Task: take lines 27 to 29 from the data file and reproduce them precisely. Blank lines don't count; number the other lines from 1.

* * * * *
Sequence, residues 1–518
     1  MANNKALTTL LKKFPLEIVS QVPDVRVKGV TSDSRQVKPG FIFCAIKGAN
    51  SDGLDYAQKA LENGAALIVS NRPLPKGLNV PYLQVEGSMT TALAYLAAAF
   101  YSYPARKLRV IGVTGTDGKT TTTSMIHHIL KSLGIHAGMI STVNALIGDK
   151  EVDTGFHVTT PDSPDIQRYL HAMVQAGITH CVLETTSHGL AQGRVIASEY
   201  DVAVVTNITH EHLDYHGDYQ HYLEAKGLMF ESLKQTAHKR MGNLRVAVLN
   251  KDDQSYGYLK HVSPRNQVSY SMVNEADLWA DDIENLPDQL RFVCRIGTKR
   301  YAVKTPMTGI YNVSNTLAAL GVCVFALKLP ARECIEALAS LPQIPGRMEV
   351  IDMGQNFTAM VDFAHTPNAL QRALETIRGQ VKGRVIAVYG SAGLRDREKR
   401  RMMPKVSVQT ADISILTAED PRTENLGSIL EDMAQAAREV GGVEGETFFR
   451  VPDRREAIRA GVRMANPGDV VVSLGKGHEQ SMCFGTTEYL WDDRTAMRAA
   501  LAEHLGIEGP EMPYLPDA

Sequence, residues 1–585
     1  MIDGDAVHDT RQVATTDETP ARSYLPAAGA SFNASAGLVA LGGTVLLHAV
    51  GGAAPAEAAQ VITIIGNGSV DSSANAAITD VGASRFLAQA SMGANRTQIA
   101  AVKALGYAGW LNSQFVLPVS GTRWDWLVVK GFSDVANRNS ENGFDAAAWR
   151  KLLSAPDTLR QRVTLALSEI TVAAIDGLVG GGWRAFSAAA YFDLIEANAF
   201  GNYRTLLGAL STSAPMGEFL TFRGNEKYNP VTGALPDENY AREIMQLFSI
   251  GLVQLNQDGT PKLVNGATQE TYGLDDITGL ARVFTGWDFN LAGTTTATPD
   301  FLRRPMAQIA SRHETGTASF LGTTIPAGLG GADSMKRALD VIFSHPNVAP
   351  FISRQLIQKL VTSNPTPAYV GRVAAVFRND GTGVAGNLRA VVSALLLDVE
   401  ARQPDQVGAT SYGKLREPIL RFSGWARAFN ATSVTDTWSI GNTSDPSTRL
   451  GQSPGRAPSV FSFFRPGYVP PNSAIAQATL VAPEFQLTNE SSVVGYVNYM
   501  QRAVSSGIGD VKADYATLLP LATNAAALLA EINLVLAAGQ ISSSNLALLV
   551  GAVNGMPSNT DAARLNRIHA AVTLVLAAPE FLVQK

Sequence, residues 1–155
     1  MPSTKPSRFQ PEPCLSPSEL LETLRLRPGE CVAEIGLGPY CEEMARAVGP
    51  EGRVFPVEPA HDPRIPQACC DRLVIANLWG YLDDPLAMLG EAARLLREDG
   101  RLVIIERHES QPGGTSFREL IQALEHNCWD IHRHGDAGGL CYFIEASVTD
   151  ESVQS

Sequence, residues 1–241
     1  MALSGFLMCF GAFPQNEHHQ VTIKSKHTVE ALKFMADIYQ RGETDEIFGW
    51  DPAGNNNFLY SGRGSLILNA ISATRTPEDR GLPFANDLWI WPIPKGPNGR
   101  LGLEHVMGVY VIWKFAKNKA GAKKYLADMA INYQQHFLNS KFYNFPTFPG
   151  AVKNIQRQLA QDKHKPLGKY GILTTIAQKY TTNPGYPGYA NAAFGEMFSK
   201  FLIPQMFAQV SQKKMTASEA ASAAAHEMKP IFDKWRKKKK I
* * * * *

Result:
     1  MPSTKPSRFQ PEPCLSPSEL LETLRLRPGE CVAEIGLGPY CEEMARAVGP
    51  EGRVFPVEPA HDPRIPQACC DRLVIANLWG YLDDPLAMLG EAARLLREDG
   101  RLVIIERHES QPGGTSFREL IQALEHNCWD IHRHGDAGGL CYFIEASVTD